Washington — Concerns by the business community that Connecticut’s sick leave policy would be a “job killer,” driving employers out of the state, is a myth, according to authors of a study on the policy’s impact.

The success of Connecticut’s policy, the first in the nation, should prod the federal government to adopt it, say researchers at the Washington, D.C.-based Center for Economic and Policy Research.

The policy, established in 2011,  guarantees Connecticut workers five days of paid sick leave a year. The study by the center  determined that it has had a minimal effect on the state’s business because of the “carve out” in the law that exempts many workers, including those working in manufacturing, nonprofits or businesses with fewer than 50 employees.

Another reason the law has had little impact is that many Connecticut companies already had paid sick leave policies. The center’s researchers surveyed 250 businesses in the state.

Ruth Milkman, academic director of CUNY’s Murphy Labor Institute and one of the authors of the report, said part-time workers have been most affected by Connecticut’s sick leave policy because many of them were not given leave time before the state implemented the law. Many of those part-time workers are employed in the retail and the hospitality industries.

Yet these industries have grown since the law was implemented, Milkman said, giving lie to concerns that the policy is “a job killer.”

“Our findings here determine that has not been the case,” Milkman said.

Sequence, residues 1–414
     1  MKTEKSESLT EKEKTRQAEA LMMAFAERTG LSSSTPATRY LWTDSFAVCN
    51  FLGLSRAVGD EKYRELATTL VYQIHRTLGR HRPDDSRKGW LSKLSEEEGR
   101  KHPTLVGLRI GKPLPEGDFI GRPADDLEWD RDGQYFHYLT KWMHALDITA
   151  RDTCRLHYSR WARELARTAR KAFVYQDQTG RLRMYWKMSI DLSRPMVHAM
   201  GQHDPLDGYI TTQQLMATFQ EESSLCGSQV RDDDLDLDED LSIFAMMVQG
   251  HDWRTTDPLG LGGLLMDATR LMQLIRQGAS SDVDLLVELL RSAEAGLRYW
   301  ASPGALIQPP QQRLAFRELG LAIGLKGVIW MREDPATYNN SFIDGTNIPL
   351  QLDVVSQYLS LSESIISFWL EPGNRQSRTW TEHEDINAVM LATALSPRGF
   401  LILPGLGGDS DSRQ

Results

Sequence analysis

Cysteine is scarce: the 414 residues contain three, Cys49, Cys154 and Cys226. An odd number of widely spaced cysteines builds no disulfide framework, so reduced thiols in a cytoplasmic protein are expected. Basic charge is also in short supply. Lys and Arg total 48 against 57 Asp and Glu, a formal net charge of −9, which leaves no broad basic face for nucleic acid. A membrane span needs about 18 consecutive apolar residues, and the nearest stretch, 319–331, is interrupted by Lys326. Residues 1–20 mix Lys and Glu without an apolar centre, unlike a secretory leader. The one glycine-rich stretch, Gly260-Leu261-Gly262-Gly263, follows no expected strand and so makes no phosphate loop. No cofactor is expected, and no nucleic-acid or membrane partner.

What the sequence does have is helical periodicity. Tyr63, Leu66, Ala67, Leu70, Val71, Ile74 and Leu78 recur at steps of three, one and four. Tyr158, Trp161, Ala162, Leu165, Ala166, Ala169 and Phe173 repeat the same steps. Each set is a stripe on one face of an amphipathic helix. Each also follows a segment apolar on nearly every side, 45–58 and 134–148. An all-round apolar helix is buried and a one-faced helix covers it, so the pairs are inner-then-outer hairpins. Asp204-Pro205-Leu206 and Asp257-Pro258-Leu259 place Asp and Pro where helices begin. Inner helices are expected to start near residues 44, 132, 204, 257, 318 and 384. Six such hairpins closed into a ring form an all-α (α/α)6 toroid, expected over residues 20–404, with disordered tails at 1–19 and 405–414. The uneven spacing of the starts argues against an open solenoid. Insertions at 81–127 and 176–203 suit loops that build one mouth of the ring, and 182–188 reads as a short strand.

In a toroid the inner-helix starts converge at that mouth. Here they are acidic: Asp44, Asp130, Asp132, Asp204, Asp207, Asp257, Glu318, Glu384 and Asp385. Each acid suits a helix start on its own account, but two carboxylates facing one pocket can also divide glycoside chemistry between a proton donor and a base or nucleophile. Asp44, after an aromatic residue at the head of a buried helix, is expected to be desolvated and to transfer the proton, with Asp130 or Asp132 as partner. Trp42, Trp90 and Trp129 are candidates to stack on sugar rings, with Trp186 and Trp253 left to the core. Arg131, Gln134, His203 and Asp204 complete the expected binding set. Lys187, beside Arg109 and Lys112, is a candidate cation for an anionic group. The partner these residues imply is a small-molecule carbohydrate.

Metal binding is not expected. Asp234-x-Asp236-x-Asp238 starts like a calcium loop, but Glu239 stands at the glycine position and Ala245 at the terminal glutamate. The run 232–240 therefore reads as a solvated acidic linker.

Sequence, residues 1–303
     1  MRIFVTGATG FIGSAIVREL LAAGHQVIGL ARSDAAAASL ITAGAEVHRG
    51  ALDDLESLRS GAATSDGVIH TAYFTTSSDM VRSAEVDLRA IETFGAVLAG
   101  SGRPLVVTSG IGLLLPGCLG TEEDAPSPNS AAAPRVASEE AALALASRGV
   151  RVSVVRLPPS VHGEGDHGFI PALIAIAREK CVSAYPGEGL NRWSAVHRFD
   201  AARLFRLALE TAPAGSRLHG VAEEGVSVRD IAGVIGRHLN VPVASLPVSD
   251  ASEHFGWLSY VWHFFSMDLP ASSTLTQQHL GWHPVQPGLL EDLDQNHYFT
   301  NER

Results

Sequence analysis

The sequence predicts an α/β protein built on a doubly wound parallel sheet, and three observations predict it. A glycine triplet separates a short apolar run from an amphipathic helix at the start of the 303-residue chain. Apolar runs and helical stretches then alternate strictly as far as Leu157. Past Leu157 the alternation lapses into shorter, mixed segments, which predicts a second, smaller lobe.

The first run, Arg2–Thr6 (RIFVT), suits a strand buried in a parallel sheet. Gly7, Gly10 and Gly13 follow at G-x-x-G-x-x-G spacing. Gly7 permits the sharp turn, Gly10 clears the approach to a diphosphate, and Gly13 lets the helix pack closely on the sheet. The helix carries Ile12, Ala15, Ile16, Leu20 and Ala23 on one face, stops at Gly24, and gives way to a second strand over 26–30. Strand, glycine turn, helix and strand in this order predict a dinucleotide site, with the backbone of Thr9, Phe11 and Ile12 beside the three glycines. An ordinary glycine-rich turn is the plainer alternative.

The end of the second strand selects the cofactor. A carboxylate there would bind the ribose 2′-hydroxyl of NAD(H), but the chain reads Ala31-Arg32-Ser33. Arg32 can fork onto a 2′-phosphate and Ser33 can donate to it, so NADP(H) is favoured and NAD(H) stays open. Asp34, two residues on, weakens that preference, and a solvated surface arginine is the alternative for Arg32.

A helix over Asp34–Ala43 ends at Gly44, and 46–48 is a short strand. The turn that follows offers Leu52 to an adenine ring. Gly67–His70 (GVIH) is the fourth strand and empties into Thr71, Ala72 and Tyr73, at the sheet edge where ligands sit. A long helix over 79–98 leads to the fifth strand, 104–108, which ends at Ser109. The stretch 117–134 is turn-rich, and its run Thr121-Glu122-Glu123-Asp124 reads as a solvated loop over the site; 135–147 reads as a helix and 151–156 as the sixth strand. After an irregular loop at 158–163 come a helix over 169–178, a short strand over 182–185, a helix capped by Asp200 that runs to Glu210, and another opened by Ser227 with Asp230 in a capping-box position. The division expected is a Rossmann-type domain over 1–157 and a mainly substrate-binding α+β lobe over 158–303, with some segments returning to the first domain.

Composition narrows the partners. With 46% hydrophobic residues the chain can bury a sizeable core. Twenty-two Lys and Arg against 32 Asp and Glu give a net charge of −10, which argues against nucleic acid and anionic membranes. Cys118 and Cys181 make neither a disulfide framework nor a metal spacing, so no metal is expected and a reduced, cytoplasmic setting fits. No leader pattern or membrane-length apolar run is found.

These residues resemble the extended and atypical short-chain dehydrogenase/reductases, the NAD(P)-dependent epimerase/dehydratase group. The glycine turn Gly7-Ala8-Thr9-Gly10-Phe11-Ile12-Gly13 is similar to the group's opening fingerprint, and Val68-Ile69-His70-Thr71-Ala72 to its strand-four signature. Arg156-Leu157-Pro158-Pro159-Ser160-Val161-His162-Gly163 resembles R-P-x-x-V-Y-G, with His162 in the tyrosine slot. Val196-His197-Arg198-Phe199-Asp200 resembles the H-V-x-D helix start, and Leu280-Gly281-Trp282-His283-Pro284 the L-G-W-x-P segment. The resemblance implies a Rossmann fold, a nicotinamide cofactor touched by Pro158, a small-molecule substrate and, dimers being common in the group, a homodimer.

The center’s report also says few workers use the maximum five days of sick time allowed and that the average time taken from work is four days.

Rep. Rosa DeLauro, D-3rd District, who has been introducing sick leave legislation in Congress since 2004, said, “voluntary agreements [between workers and their employers] are no substitute for enforceable laws.”

“Being a working parent should not mean choosing between your job and taking care of yourself and your family,” DeLauro said.

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Ana has written about politics and policy in Washington, D.C.. for Gannett, Thompson Reuters and UPI. She was a special correspondent for the Miami Herald, and a regular contributor to The New York TImes, Advertising Age and several other publications. She has also worked in broadcast journalism, for CNN and several local NPR stations. She is a graduate of the University of Maryland School of Journalism.

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